Most people I know tend to fall into one of two camps when it comes to their skincare regime. Either, they have to try the latest and greatest, constantly switching to new products and never staying consistent, or they’ve used the same few products forever and they aren’t about to switch. And while both can, and often do, work, the truth is, being a little bit more in touch with what your skin needs from day to day and season-to-season is always going to be a better bet.
What do I mean? Checking in with your visage seasonally, is a great way to evaluate what your skin currently needs—what your current concerns are or what you’ve been noticing in your complexion lately. And living in Canada, a lot of what our skin needs is dependent on the weather and the changing seasons.
As we (officially) move into spring, we spoke to cosmetic dermatologist Dr. Julia Carroll and Neostrata national training manager Patricia Clare to walk us through some ways you can spruce up your spring skin-care routine.
Keep reading for how to spring-clean your skincare regime according to a dermatologist:
Why should you switch it up?
First and foremost, living in Canada means that depending on the season, your skin is experiencing different aggressors. The winter tends to be extremely dry which is often the first thing we notice when the temperature dips, whereas in the summer increased oiliness and sun exposure make for a very different response in our skin. Switching up your skin care ensures that you’re meeting your skin’s current needs.
A general rule? “As you step into spring, not only will you want to go lighter in clothing and layers,” says Clare, “you’ll want to lighten the load in your skin care as well.” This means opting for lighter products and ingredients.
How to know when to switch it up
Since weather transitions are hard to predict in Canada (anyone who has trudged through a snowstorm in mid-April knows what I’m talking about), your skin will likely let you know when it’s time to switch up your skin care. When your moisture levels seem to even out, or if you’re noticing more acne flare-ups—these are good indicators that it’s time to reevaluate your skin-care routine.
Three spring skin-care musts:
“When people emerge from winter, they usually have been covered up and haven’t been paying that much attention to the skin on their bodies,” says Dr. Carroll. “Spring is a time when most will notice that their skin hasn’t been exfoliated enough.” Opting for a product that allows you to buff away dead skin cells is the antidote to the nasty dryness that winter brings—and it’s perfect timing for spring when you begin to shed your layers in favour of bare arms and glimpses of ankle.
The same can be true of the skin on your face as well. While sensitivities in the winter—like dry or cracked skin, redness and itchiness—can make you loathe to reach for your alpha hydroxy acids, spring is the time to reincorporate these types of products back into your routine, especially as your skin calms down from any weather-induced sensitivities.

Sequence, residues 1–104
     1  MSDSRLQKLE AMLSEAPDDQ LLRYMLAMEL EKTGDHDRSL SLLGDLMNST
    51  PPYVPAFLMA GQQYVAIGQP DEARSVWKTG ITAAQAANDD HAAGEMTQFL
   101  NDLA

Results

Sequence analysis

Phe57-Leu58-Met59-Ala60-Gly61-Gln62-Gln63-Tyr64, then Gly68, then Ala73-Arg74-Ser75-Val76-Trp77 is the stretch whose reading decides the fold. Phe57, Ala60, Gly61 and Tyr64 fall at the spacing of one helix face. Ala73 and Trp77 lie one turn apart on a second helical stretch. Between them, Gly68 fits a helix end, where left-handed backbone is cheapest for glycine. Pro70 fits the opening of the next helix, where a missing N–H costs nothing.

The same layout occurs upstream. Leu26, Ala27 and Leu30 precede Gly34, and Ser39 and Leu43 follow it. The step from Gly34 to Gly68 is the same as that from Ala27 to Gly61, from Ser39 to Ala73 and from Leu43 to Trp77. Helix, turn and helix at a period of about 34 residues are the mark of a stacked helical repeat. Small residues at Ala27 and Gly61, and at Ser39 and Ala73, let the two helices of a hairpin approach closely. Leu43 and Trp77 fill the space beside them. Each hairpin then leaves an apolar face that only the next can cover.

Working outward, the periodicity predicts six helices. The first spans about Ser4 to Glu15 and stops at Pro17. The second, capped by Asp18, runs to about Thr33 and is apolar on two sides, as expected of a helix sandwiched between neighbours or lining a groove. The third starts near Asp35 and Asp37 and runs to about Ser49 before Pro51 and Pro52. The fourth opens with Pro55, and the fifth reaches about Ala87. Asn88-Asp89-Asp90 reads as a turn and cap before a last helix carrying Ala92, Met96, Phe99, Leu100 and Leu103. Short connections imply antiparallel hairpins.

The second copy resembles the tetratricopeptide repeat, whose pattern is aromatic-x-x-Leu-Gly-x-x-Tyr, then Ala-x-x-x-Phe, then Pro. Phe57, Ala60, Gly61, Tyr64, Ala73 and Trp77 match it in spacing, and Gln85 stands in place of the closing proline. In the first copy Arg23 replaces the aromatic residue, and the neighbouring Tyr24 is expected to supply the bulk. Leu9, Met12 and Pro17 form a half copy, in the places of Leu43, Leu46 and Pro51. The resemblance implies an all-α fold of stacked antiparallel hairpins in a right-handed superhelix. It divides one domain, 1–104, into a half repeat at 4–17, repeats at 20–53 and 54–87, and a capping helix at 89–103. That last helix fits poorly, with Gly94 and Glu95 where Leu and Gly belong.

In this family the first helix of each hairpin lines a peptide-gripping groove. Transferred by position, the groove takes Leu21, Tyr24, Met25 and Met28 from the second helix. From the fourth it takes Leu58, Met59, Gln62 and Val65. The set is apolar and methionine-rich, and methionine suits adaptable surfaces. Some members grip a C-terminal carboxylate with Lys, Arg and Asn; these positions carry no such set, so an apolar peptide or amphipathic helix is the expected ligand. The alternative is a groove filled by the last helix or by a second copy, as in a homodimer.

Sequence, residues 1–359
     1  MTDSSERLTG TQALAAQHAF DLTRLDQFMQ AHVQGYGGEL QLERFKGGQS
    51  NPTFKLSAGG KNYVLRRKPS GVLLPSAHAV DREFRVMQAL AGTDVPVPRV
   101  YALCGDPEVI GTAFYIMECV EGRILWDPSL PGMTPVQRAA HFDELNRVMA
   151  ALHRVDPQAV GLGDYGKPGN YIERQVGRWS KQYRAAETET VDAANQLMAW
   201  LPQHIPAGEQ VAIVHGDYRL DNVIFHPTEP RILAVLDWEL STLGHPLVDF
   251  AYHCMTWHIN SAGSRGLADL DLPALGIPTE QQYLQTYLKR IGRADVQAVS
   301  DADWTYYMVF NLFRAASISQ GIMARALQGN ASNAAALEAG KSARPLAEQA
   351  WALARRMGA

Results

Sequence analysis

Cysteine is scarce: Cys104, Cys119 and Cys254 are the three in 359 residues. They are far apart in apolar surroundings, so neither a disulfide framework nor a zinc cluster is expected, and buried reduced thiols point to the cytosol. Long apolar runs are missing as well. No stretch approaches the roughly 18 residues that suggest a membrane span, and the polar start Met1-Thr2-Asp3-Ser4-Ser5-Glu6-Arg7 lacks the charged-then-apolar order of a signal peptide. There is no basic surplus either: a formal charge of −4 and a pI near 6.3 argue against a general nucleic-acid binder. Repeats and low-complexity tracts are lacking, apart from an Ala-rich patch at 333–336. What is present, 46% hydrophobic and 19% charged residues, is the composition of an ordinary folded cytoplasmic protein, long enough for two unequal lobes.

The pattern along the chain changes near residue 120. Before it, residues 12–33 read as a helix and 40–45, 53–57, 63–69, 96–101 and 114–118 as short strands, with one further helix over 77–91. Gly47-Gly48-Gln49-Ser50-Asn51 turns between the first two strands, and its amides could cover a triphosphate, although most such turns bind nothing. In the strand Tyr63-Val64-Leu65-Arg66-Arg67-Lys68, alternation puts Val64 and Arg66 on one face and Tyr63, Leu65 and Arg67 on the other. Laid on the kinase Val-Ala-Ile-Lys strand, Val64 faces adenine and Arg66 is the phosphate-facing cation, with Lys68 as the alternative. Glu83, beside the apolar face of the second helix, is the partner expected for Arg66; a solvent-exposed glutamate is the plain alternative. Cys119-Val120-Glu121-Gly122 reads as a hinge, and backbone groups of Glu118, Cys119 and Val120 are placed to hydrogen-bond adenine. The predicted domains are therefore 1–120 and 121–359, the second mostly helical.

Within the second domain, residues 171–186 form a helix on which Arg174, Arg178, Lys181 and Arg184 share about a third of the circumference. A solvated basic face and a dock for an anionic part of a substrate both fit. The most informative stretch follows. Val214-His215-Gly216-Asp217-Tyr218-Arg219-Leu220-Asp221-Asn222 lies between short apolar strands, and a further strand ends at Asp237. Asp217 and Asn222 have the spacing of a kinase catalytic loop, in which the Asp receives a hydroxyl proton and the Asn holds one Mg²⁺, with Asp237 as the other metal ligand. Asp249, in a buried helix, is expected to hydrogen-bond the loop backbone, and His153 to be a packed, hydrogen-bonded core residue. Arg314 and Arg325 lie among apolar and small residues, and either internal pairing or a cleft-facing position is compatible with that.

For Dr. Carroll, the two things that will fluctuate the most during Canadian seasonal shifts are hydration levels and sun protection levels. More on the latter in a bit, but the former is easily addressed with a few switches. “Some people find that their skin is a bit more oily in the spring, so they may look for something lighter in texture,” says Dr. Carroll. While hydration year-round is important (hydration helps with plumpness and texture), opting for the right moisturizer is key. “Hyaluronic acid is a naturally-occurring substance that can hold one thousand times its weight in water,” says Clare. Which means a little goes a long way. It’s a buzzy ingredient that can be found in lightweight essences and serums and so there’s no need to load on the heavy cream in the summer while still getting a necessary dose of water. “It’s extremely moisturizing but its texture is very light,” says Dr. Carroll. “It’s an ingredient that’s very versatile.”
3. Sun Protection
There’s no doubt that you should be wearing sunscreen year-round—yes, even in the winter. But making sure to be consistent about your SPF in the spring is super important if you’re into preventing lines, wrinkles and pigmentation and preserving skin health. Not to mention preventing skin cancer. Dr. Carroll recommends upping your SPF in the spring to 50 (from the recommended 30 in the winter), and paying more attention to how often you reapply. She also recommends adding an anti-oxidant to your morning skin-care routine (think vitamin C), as “it can help to mitigate the damage of sun exposure.”
(Story by Contributing Editor, Alexandra Donaldson)